Wednesday, January 19, 2005

Summers and other economists: out of touch?

from Michael Dobbs of the Washington Post on Wed., Jan. 19, 2005:

During his four years as president of Harvard University, Lawrence Summers has earned a reputation for blunt, sometimes brutal comments. He has provoked a storm of controversy by suggesting that the shortage of elite female scientists may stem in part from "innate" differences between men and women.

"I felt I was going to be sick," said Nancy Hopkins, a biology professor at Massachusetts Institute of Technology, who listened to part of Summers' speech Friday [Jan. 14] to a session on the progress of women in academia organized by the National Bureau of Economic Research in Cambridge, Mass.

Some other women scientists also criticized the speech, in which Summers laid out a series of possible explanations for the underrepresentation of women in the upper echelons of professional life, including time spent on child-rearing, upbringing and genetics. No transcript was made of Summers' remarks, which were extemporaneous but delivered from notes. Summers' remarks were first reported by the Boston Globe in Monday's [Jan. 17] editions.

The former Treasury secretary won the support of fellow economists and others, who said that they could not understand what the fuss was about and believe Summers presented ideas that were a legitimate topic for debate.

"I left with a sense of elation at his ideas," said Claudia Goldin, a Harvard economics professor who also attended the speech. "I was proud that the president of my university retains the inquisitiveness of an academic."

from Eileen McNamara of the Boston Globe:

Summers suggested that women do not rise higher in the academic or professional firmament because they choose to become mothers and thus devote less time to their careers. "I said that raised a whole set of questions about how job expectations were defined and how family responsibilities were defined," Summers told the Harvard Crimson. [He did not return my call.] "But I said it didn't explain the differences [in the representation of females] between the sciences and mathematics and other fields."

Why doesn't it? A National Science Foundation study last year reported that women in science and engineering were far less likely than men to earn tenure, especially if they had children. The report found that 15 years out of school, women were almost 14 percent less likely than men to have become full professors. Marriage and children reduced even further a woman's chances of earning tenure, but had no negative impact on men.

That sounds like a cultural, not a biological, problem to me. Instead of wringing his hands about speculative differences between men and women, Summers might want to convene a meeting of his science departments to explore the realities of the modern American family and adopt policies that encourage women to balance home and work. Mentor women. Provide child care. Encourage flex-time. Stop the tenure clock during pregnancy or maternity leave.

The academy is tailor-made for just such experimentation. Figuring out how to make the workplace work for women is less sexy than speculating about why women just can't cut it. Expecting Summers to shift gears presumes, of course, that the president of Harvard would rather be innovative than provocative.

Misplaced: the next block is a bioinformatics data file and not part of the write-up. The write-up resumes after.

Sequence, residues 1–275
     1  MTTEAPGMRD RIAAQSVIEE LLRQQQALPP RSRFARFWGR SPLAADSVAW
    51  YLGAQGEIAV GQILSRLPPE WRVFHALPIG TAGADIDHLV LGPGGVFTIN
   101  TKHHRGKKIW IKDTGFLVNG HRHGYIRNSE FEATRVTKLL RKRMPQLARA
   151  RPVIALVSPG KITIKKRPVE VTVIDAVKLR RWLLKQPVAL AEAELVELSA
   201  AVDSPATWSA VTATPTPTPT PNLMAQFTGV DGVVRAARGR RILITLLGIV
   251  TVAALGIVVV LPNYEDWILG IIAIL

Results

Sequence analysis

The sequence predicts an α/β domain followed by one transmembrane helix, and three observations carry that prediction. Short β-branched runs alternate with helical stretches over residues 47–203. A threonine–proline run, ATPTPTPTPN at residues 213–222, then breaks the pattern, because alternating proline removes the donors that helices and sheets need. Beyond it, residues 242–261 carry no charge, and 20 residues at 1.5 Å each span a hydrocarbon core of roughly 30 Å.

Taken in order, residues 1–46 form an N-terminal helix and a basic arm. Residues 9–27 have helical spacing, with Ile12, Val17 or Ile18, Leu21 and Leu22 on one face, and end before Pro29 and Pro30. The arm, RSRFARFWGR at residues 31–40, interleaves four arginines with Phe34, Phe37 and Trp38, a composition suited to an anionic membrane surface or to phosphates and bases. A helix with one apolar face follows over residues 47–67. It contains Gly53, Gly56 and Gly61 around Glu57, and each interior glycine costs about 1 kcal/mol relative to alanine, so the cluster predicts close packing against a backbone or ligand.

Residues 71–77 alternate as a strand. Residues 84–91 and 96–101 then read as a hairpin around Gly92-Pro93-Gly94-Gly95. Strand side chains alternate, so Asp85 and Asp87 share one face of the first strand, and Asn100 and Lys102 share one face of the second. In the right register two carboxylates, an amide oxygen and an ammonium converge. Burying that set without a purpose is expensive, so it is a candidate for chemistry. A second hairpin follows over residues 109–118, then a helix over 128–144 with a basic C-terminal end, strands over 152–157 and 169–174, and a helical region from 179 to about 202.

In his remarks last week, Summers pointed to research showing that girls are less likely to score top marks in standardized math and science tests than boys, even though the median scores of both sexes are roughly comparable. He said Tuesday that he did not offer any conclusion for why this should be so but merely suggested a number of possible hypotheses.

end Globe
Mr. Summers received a B.S. degree from the Massachusetts Institute of Technology in 1975 and a Ph.D. from Harvard University in 1982. He was Professor of Economics at Harvard from 1983-1993.


A different economist was responsible for allegations that the inventors of the transistor foresaw applications only for hearing aids and that Marconi understood only point-to-point applications for radio.

Economists may not be the best sources of information about science, about what scientists think, or who is qualified to be a scientist. Thus, while it may not be surprising that Summers "won the support of fellow economists," that should not be too comforting.


Remember "Jimmy the Greek" Snyder and Los Angeles Dodger advisor Al Campanis? Maybe it's time for Summers to go.

One respondent wrote me of Summers:

He sounded like a white guy--coming from a culture where men make very rigid rules and only women who act like men can win.

In a column "You can't say that at Harvard," (eg, Trenton Times, A13, Jan. 27, 2005), George Will wrote

Addressing a conference on the supposedly insufficient numbers of women in tenured positions in university science departments, he suggested that perhaps part of the explanation might be innate--genetically baased-- gender differences in cognition. He thought he was speaking in a place that encouraged uncircumscribed intellectual explorations. (...)

He was at Harvard, where he is president. Since then he has become a serial apologizer and accomplished groveler.


Blogger Lawrence B. Ebert said...

Note the editorial in the 10 Nov 06 issue of Science (314 Science 893) by Maxine Singer entitled "Beyond Bias and Barriers," which cites the NAS report "Beyond Bias and Barriers: Fulfilling the Potential of Women in Academic Science and Engineering."

1:01 PM  

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